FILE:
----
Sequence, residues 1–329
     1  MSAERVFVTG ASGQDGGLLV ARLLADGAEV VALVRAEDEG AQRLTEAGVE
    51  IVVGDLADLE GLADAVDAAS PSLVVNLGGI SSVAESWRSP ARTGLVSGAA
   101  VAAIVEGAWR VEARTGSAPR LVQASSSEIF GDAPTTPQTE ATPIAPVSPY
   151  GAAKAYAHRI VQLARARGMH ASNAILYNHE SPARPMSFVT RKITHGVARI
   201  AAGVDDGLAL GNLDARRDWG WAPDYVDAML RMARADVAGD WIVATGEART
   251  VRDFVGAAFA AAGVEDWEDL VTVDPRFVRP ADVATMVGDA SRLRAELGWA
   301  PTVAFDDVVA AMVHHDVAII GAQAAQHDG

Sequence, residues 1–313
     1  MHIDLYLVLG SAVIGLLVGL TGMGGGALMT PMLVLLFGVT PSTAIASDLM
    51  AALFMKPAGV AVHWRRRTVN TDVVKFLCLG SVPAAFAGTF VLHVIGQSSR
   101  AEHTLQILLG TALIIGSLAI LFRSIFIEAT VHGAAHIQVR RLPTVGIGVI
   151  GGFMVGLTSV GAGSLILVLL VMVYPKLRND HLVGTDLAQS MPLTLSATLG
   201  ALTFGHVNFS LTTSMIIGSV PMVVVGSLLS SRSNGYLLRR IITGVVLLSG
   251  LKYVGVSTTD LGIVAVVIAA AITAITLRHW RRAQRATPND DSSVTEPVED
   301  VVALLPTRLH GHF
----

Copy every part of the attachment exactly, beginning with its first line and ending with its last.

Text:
Sequence, residues 1–329
     1  MSAERVFVTG ASGQDGGLLV ARLLADGAEV VALVRAEDEG AQRLTEAGVE
    51  IVVGDLADLE GLADAVDAAS PSLVVNLGGI SSVAESWRSP ARTGLVSGAA
   101  VAAIVEGAWR VEARTGSAPR LVQASSSEIF GDAPTTPQTE ATPIAPVSPY
   151  GAAKAYAHRI VQLARARGMH ASNAILYNHE SPARPMSFVT RKITHGVARI
   201  AAGVDDGLAL GNLDARRDWG WAPDYVDAML RMARADVAGD WIVATGEART
   251  VRDFVGAAFA AAGVEDWEDL VTVDPRFVRP ADVATMVGDA SRLRAELGWA
   301  PTVAFDDVVA AMVHHDVAII GAQAAQHDG

Sequence, residues 1–313
     1  MHIDLYLVLG SAVIGLLVGL TGMGGGALMT PMLVLLFGVT PSTAIASDLM
    51  AALFMKPAGV AVHWRRRTVN TDVVKFLCLG SVPAAFAGTF VLHVIGQSSR
   101  AEHTLQILLG TALIIGSLAI LFRSIFIEAT VHGAAHIQVR RLPTVGIGVI
   151  GGFMVGLTSV GAGSLILVLL VMVYPKLRND HLVGTDLAQS MPLTLSATLG
   201  ALTFGHVNFS LTTSMIIGSV PMVVVGSLLS SRSNGYLLRR IITGVVLLSG
   251  LKYVGVSTTD LGIVAVVIAA AITAITLRHW RRAQRATPND DSSVTEPVED
   301  VVALLPTRLH GHF